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Oakland Street Art

God's Gym, Oakland Early Morning Downtown Broadway


Oakland is a great city (in spite of its crime problems). It gets no respect, having as elder sisters the dazzling San Francisco and the v. cool Berkeley. Oakland ain't precious, it's got guts. I came in early this morning to shoot this building, which I've passed and admired several times. Then on my way to my favorite Berkeley latte/internet cafe, I kept stopping the truck to shoot yet another photo. Oakland is graphically rich, a lot of ingenuity and down-to-the-bone design. I'll follow this with more pix when I get time.

Straw Bale Building by Bill and Athena Steen

Straw bale "Mandala Shed," built and plastered at two of the workshops sponsored by Bill and Athena Steen at their headquarters in Canelo, Arizona. They are authors of the by-now-classic The Straw Bale House Book and conduct workshops off and on throughout the year. The mandala on the front was formed by carving out various layers of lime and clay. For information on this building, click here.

Notice of Intent to Get Irresponsible and Go Surfing

Last year I set 2009 as a year to take some time off, and therefore I'm taking off next week on a flight to Costa Rica, where I'll meet my good friend from Mexico Chilón, and we'll journey out the the southern Pacific Coast of CR and stay in a beachside house of friends that is west of Puerto Jimínez and close to the Panamanian border. There is surf right out in front of this house and the nearby tropical jungle has howler monkeys, exotic birds, snakes and crocodiles. Chilón has to go back to Baja in 2 weeks, at which time I plan to head south on a bus to Panama City, and make my way to Peru. I'm lugging along my MacBook laptop plus my new little Canon Powershot G-10 (15 MP!) and will post blogs whenever possible. I'm taking along watercolors and sketchbooks as I've long wanted to take the time to draw and try out watercoloring. It's really easy to keep putting off something like this, with all the complexities of running a business in these very difficult times, so I planned for it and got a ticket. My email will be taken care of by people in the office and I'll try to respond to anything that utterly needs my attention from the road. I'll be gone for 6 weeks. If you check back here by say Feb 12-14th, there ought to be some postings from a gringo in the jungle.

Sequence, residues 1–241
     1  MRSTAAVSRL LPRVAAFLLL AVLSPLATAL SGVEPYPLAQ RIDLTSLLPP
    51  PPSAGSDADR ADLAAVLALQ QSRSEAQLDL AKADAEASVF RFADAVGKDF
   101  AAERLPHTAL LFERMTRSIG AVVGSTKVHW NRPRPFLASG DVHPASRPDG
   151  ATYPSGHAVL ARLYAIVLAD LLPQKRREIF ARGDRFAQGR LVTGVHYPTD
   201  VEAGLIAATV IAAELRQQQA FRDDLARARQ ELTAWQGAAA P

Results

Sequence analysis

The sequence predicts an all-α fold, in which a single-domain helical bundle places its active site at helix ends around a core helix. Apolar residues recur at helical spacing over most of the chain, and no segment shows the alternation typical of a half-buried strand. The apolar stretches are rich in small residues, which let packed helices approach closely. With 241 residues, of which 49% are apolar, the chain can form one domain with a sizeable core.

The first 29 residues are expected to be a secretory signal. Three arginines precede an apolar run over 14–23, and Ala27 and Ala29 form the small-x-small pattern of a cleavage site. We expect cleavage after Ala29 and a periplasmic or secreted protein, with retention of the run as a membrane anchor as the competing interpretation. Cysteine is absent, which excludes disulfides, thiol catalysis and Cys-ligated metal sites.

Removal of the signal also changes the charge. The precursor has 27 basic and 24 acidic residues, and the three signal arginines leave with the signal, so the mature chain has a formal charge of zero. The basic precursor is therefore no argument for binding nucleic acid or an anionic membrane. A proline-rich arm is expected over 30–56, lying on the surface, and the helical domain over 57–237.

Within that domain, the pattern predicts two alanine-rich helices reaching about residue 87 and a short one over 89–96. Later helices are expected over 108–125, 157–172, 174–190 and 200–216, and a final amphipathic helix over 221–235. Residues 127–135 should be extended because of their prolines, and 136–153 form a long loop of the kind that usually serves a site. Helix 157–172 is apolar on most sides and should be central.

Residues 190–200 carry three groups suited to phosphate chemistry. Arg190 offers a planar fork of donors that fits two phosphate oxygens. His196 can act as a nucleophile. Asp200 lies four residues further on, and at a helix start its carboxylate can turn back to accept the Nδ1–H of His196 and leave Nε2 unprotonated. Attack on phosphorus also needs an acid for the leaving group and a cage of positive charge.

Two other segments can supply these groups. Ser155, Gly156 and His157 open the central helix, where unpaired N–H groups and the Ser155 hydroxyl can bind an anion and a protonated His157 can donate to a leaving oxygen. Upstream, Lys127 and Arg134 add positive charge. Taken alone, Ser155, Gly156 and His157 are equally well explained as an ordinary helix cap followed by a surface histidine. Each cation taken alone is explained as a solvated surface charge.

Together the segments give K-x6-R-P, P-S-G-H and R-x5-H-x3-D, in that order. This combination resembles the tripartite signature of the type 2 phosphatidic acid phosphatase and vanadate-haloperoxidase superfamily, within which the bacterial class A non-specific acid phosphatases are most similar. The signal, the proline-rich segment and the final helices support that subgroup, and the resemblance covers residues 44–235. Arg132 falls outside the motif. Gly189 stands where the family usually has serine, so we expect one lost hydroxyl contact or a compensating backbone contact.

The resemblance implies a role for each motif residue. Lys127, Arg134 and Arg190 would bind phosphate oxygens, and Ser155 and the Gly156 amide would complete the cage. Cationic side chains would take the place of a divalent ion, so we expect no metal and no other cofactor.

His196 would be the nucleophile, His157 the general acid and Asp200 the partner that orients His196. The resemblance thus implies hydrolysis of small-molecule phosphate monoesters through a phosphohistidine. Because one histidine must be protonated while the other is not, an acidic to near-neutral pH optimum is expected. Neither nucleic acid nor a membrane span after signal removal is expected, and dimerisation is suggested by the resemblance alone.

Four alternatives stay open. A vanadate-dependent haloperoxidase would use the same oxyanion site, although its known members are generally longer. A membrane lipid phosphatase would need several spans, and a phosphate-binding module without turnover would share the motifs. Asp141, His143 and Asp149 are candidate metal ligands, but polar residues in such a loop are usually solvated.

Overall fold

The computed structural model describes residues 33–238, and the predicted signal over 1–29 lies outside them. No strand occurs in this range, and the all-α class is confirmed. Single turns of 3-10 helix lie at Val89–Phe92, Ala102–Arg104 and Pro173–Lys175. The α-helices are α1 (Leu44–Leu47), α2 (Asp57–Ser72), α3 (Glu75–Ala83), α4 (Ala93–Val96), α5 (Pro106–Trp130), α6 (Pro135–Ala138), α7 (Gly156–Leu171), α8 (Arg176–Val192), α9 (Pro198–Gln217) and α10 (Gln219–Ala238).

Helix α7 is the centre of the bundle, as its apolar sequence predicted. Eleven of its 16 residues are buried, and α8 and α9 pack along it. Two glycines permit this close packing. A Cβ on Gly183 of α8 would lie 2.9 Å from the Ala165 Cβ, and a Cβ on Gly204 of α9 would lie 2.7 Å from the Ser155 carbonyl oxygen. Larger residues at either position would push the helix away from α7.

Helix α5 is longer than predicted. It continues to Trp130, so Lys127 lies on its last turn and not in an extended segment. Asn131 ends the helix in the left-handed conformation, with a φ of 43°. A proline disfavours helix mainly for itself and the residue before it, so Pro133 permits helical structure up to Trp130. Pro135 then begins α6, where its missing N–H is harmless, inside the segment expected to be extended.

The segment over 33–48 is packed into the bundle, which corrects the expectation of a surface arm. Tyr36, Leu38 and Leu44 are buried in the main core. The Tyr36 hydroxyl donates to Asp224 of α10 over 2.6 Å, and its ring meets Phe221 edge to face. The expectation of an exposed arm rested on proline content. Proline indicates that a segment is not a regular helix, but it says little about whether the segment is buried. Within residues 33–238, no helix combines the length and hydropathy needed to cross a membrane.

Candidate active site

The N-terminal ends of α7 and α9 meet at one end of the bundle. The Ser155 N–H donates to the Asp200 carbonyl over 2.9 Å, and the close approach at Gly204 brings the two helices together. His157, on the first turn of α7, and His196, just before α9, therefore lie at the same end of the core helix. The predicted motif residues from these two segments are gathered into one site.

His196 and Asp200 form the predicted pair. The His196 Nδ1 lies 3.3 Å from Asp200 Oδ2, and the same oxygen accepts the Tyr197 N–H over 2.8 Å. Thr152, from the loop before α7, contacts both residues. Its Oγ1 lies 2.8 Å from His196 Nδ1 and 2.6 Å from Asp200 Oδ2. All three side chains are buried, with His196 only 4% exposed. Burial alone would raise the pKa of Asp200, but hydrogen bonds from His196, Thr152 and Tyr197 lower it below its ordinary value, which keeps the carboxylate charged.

Roof-top Tents for Car Camping

Autohome is a company that sells fold-up tents that mount on the roof of your truck or car. I used one (similar to their cheapest one, the "Overcamp" model) for years in Baja California. I would 4-wheel-drive my 1983 Toyota truck to a remote beach, unfold the tent (facing the ocean) and sleep comfortably, looking out at the moon and the water. They are expensive, but it's a great way to sleep on the road, up off the ground, quick to set up, and eliminates the need to haul out a tent, or clutter up the inside of your vehicle with sleeping gear.

Great Book On Solar Hot Water Heating